Friday, August 26, 2011

Intrusion of the Fowlest Kind
Written by Laura

Last week tragedy struck the FFP farm. With Joe, Mary Ellen, and the kids gone out West, the homestead was more quiet than usual. During the late hours of Sunday night and into Monday morning, five of our ducks and four chickens were killed. Natalie and I had arrived at the farm earlier than usual so that we could leave for the DGA Conference in Chicago. Little did we know that just across the yard our fine feathered friends had been laid to rest. It was Rachel who made the horrifying discovery. This is her account:

"Upon arriving on the farm Monday morning, I intended to feed the fowl as I usually do when the Krawczyk's are away. However, when I approached their enclosure, I was met with an eerie silence. Rarely are the chickens and ducks quiet, especially in the morning when they want their breakfast. I was surprised to find a huge pile of sand and a large hole at the base of the fence. Then came the real surprise! All of the birds were gone except for three carcasses left buried inside the pen. Dirt began to fly from the hole under the fence, so I peered into it and found myself looking eye to eye with a badger. Needless to say, I made myself scarce and went back to the main building."

The two females in the lead and the male in the back were three of the victims. The others were no longer residents of the farm during the attack.

Peach and Ruth, two chickens that were lost.

Aside from Rachel's first hand sighting of the badger, they were also caught on the deer camera, which Jasen had put out Monday night. He anticipated a return since some of the kill had been left behind. Tuesday morning, when going to gather the camera, Jasen made visual contact. There was not one, but two badgers! One was much larger than the other, and they were coming out of the weeds near the bird enclosure. Jasen startled them and they fled back to where they had come.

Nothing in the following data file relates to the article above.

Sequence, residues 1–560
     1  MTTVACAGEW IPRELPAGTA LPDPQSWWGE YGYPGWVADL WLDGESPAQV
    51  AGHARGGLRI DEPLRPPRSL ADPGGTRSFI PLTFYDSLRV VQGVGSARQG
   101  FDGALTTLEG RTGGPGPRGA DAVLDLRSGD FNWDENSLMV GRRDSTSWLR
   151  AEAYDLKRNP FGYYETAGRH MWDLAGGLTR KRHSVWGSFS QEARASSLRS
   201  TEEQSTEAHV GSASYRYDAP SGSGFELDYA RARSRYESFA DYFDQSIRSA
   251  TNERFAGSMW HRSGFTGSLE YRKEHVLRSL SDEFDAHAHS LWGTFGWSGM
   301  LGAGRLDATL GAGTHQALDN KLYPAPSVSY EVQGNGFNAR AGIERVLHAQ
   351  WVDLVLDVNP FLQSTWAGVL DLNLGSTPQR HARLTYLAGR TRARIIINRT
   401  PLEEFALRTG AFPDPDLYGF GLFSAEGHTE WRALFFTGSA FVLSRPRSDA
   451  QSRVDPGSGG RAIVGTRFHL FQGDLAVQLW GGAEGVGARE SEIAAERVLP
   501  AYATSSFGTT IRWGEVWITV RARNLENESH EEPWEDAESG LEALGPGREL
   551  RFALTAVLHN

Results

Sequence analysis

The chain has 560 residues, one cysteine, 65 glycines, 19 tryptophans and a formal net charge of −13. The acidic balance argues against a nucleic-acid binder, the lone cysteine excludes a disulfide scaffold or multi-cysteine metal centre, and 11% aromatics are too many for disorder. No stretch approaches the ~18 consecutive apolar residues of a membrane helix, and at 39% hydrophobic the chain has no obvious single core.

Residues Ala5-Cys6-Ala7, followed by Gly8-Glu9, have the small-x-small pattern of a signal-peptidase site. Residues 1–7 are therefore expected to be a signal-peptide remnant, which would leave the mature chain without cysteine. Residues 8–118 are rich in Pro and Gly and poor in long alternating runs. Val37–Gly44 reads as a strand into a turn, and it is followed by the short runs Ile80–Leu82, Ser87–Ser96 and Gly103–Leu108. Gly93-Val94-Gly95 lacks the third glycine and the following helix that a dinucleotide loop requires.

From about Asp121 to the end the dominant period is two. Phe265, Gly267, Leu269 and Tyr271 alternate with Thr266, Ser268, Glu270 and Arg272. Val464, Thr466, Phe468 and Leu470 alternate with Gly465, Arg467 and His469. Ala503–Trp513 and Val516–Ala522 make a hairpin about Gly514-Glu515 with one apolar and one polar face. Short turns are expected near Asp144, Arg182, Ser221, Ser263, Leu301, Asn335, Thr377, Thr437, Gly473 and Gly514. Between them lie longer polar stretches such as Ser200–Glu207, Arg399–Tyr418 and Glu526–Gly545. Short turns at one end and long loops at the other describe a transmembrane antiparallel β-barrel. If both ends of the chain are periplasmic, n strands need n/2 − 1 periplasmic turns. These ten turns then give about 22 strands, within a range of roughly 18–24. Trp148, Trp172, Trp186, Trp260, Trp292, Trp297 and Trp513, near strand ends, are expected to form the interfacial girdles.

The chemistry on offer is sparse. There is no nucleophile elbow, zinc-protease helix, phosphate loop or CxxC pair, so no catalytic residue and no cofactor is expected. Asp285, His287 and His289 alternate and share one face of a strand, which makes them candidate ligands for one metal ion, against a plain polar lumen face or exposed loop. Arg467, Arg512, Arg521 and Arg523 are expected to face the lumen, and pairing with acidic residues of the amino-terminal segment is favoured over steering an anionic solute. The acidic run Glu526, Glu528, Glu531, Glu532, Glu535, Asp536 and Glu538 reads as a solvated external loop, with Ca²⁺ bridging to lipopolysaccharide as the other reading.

Had these badgers not been seen by Rachel, Jasen, or the camera, how would we have known we were dealing with badgers? Unlike fox and raccoon attacks, which the farm has dealt with before, this attack was clean. There was no blood and very few feathers strewn about the pen. The birds appeared to have no physical damage to their bodies whatsoever, not even broken necks. What we still don't know is if the birds were killed before being buried, or if they were buried alive. Perhaps the badger's strength alone was enough to smoother them during the attack. The birds were packed tightly in holes head first with only their legs and feet sticking out. This may seem strange and bizarre, but it is truly a learning lesson about an animal that most of us know little or nothing about.

The smaller badger, right above a hole along the fence, at night.

This big badger is no doubt looking for the food it stored the night before.

The destruction was devastating to all of us, but one female duck and one hen were lucky enough to escape. This leaves us with hope. We broke the news to Joe and Mary Ellen the day before they arrived home from vacation. They asked if I could take the duck home with me so that she could be with her own kind and recuperate from the ordeal (earlier this year I had taken two of the farm's male ducks). My general love for animals and my fear for the duck's safety made this a no brainer decision for me. She fit right in with my clan, and immediately began telling her story to the other ducks. The "chit-chat" she displayed to them brought a smile to my face. Who really knows what she was telling them, but it was obvious she was happy. The surviving hen went to Rachel's house to live with her own kind too. She was accepted with no incidents, and is equally content with her new life.  

Our sole surviving red hen.

The surviving female duck (furthest to the left) stands with her new friends.

With all of this said and done we are left to think about what happens next. As with anyone who has lost poultry to wild animals we have decisions to make. Do we get more birds? If so, how do we prevent this from happening again? An invasion from badgers was completely unexpected and unheard of by any of us. Although the fence here was fox proof, it certainly was not badger proof. 

Two layers of fence buried a few inches underground and out nearly a foot was not enough to stop the badgers from digging this hole. What is not visible in the photos we took are the amount of holes that were dug. There were not only holes all around the pen, but also holes inside the pen.
By doing a small amount of research, and from some personal experience, I have compiled a list of precautions to take when securing small animals, more specifically poultry, outside.  
  • Be aware of the surroundings. In the weeks prior to our catastrophe, Joe had noticed large holes scattered around the property: clear evidence of new wildlife in the area.